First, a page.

On behalf of Second Chance Humane Society, I would like to address some statements in the article that were erroneous or incomplete and thus potentially misleading to your readers. This letter will only address issues relative to SCHS and not other attendees of the meeting.
Reporting the statement that “the shelter is already operating at capacity” without the surrounding context of the statement has led some readers to believe that we can no longer serve as the impound facility for the community. SCHS has informally acted as the impound facility for dogs and cats at large within Ridgway, Ouray and Ouray County for many years, and we have no plans to change this.
Although we regularly operate at capacity this does not prevent us from accepting stray dogs and cats within our shelter or foster care system. It should be understood that many of our shelter pets come from people needing to relinquish ownership of their pets for varying reasons. We accept these pets from owners only to the degree that we have space for stray pets as well. Stray pets are the priority. We also operate a foster care system that serves as supplementary space to prevent having to turn away stray pets.
It is also necessary to elaborate on my reported comment, “A new facility would ideally operate on 20 acres.” SCHS is actively seeking land for a new shelter. The land we purchased several years ago in the Ridgway Industrial Park for this purpose is no longer sufficient in size to match the growth of the communities that we serve. Additionally, in planning our organizational growth we need to consider pertinent and critical matters such as the rising need for services for animals beyond dogs and cats. We are more frequently receiving calls about abandoned horses, neglected livestock and people who can no longer care for all variations of animals.
Although we do not have immediate plans for taking on additional types animals in need, we do feel the relevance of considering this in our planning process and have thus integrated several phases of growth into a ten-plus year plan. Building our new shelter on an acre or two of land will not allow for additional phases of growth. Thus, locating our new shelter on land that offers some acres for Phase 1, while offering potential surrounding acreage for growth into Phases 2 and 3, is our “ideal” goal. This does not mean we cannot and will not build our shelter on lesser acreage at this time.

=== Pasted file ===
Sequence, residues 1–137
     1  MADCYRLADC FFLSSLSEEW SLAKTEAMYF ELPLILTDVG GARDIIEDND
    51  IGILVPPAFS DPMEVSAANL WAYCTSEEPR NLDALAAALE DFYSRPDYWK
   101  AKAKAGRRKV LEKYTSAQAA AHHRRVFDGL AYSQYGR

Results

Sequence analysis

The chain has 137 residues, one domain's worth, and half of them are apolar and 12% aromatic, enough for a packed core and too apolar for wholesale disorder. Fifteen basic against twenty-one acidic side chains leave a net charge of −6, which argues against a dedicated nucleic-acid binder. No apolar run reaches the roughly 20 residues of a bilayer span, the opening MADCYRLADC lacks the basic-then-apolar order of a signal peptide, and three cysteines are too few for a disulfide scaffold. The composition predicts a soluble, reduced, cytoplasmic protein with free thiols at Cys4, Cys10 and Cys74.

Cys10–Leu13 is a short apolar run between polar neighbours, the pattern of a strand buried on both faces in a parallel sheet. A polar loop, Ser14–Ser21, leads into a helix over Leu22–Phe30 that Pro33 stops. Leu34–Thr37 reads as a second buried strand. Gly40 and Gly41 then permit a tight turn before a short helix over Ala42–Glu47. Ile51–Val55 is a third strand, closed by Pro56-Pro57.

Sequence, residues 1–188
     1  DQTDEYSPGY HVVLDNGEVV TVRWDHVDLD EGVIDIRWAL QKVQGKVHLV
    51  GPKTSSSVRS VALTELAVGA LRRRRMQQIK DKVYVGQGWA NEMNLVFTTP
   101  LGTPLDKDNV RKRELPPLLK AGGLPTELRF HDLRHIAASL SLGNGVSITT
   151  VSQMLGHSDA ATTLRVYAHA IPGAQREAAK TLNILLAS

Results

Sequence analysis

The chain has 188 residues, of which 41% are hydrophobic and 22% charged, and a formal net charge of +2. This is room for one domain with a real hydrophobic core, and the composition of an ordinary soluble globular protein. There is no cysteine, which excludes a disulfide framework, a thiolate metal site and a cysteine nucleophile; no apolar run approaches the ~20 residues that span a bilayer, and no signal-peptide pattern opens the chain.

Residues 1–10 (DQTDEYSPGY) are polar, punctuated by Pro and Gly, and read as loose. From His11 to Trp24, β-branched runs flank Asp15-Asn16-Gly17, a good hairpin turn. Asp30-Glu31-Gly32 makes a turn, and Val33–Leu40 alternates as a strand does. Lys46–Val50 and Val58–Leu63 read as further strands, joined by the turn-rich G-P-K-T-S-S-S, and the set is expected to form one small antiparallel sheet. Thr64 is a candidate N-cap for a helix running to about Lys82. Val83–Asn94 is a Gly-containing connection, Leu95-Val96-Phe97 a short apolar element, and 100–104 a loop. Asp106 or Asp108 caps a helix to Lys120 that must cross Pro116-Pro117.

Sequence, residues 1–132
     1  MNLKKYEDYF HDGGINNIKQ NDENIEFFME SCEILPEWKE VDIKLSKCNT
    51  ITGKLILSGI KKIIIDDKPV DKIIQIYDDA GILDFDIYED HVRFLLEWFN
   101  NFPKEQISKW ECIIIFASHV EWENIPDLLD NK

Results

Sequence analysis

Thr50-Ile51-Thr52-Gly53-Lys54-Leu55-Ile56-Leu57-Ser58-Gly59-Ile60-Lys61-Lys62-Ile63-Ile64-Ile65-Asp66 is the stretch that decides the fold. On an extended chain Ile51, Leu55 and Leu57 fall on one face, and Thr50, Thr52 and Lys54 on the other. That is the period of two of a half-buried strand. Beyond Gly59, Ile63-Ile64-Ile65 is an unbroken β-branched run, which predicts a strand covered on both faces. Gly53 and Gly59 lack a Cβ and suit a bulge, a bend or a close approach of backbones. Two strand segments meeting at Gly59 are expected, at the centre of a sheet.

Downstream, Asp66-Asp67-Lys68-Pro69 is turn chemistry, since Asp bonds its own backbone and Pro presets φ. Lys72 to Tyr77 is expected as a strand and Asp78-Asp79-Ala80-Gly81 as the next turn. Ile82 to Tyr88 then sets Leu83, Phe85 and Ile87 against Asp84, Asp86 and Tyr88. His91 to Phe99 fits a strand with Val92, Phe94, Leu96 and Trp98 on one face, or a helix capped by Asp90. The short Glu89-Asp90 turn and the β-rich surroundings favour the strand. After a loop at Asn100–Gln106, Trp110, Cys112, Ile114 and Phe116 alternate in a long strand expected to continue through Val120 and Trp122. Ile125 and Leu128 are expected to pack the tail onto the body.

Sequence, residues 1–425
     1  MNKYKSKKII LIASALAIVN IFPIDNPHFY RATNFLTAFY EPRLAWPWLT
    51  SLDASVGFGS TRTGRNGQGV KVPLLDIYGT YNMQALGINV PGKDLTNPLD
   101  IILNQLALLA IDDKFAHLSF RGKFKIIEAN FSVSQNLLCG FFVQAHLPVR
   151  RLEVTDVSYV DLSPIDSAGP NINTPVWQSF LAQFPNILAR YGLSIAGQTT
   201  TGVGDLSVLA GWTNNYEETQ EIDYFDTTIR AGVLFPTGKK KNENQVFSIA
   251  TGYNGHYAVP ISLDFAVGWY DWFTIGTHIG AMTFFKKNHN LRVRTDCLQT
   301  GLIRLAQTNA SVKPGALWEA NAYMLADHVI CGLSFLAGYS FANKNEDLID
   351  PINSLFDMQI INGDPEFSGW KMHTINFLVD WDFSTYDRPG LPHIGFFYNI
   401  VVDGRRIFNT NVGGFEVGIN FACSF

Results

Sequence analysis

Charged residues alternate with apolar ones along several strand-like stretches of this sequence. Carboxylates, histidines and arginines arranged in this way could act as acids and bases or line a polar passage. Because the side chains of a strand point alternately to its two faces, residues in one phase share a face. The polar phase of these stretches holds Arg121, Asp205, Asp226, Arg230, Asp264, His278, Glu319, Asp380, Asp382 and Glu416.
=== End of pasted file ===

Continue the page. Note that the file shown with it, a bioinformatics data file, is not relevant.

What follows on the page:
My reported statement that SCHS “would prefer to be owned outright and not leased from the county” was inaccurately printed and confused two separate issues. What was communicated was that SCHS is open to leasing County land but we are not open to being a government-owned entity. Operating as a private organization allows us to maintain our “no-kill” shelter status, and this is the only non-negotiable aspect of the ownership/lease issue.
In closing it is important to clarify to the community that although Second Chance serves as the impound facility for some animal control needs, we cannot provide external animal control services. Therefore, calls regarding animals at large, etc. should be directed to local law enforcement agencies.
Second Chance is very excited about the forward momentum that occurred in the workshop addressing our community animal control needs and is grateful to be included in this process. We look forward to working with the three government entities in developing a plan that best promotes public safety and the humane treatment of animals in need.
– Kelly Goodin, Executive Director, Second Chance Humane Society